EARLIER THIS YEAR, the Mariners and the Public Facilities District (PFD), which oversaw construction of Safeco Field, announced that they had settled their dispute over $100 million in cost overruns at the two-year-old ballpark. Under the agreement, they said, "no public money will be used to reimburse the Mariners for the excess construction costs."
But, in a little-noticed deal sealed just last week, the PFD board of directors voted to "convey" a piece of publicly owned land—recently appraised at $2.3 million—to the Mariners' owners. The property at First Avenue and Atlantic Street, right next to the stadium, was used during Safeco's construction and is currently home (on game days) to a little Outback Steakhouse concession. Under current zoning, an eight- or nine-story office building could be built on the site.
The PFD and the team publicly described this transaction as a "sale." But the fine print of the agreement actually specifies that the purchase price be returned to the Mariners within fourteen days.
"At this point," says PFD attorney Gerry Johnson, "it means the Mariners' cost overrun obligation is less." Johnson argues that since the PFD originally bought the property with money earmarked for ballpark construction, any income from the sale should be used to offset the Mariners' bill. "It's a closed system," he says. "The money came out of project funds. It goes back into project funds and can only be used for project expenses." PFD director Kevin Callan notes that, "If we hadn't bought the property, we would have used that money elsewhere on the project," which, in turn, would have reduced the cost overruns. "Giving the money back to the Club seems like the right thing to do to me, and to the board," Callan says.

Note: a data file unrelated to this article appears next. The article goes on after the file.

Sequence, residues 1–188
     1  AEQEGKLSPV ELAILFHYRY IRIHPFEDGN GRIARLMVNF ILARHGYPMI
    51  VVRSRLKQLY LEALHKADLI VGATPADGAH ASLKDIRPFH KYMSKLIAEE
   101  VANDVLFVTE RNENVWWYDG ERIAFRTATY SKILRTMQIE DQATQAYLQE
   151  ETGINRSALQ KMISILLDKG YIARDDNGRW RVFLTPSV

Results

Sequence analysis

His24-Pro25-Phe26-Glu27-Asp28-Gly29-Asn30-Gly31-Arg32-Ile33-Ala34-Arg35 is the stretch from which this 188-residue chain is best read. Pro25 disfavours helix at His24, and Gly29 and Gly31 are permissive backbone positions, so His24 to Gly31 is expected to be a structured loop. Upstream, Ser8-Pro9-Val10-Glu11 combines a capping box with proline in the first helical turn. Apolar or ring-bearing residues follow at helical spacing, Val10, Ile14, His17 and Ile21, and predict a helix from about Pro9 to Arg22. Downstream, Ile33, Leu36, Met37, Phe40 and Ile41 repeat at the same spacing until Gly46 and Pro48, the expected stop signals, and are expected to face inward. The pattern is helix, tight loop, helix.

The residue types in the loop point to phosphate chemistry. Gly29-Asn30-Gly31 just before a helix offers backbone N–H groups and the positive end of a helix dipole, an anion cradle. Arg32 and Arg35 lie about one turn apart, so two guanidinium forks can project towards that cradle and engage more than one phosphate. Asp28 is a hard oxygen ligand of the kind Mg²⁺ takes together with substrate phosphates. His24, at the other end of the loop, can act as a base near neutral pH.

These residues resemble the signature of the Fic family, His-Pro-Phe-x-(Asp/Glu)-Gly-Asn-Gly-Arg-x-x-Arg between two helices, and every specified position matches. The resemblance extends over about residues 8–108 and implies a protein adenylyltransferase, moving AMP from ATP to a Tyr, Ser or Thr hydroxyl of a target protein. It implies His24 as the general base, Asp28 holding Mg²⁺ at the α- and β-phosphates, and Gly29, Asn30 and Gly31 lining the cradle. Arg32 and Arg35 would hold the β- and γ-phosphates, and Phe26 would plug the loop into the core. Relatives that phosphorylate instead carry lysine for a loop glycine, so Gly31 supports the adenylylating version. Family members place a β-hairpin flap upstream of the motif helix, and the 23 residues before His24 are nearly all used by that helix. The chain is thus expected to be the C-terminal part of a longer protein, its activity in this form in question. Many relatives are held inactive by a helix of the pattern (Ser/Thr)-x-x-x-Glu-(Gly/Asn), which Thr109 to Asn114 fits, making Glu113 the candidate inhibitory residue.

But since taxpayers have already fully paid their $372 million share of Safeco Field's construction tab—including $1.1 million to buy up the Atlantic Street property back in 1997—the gift of the property seems to be at odds with the principle of "no more public money" that was touted by the PDC and the team.
Mark D. Fefer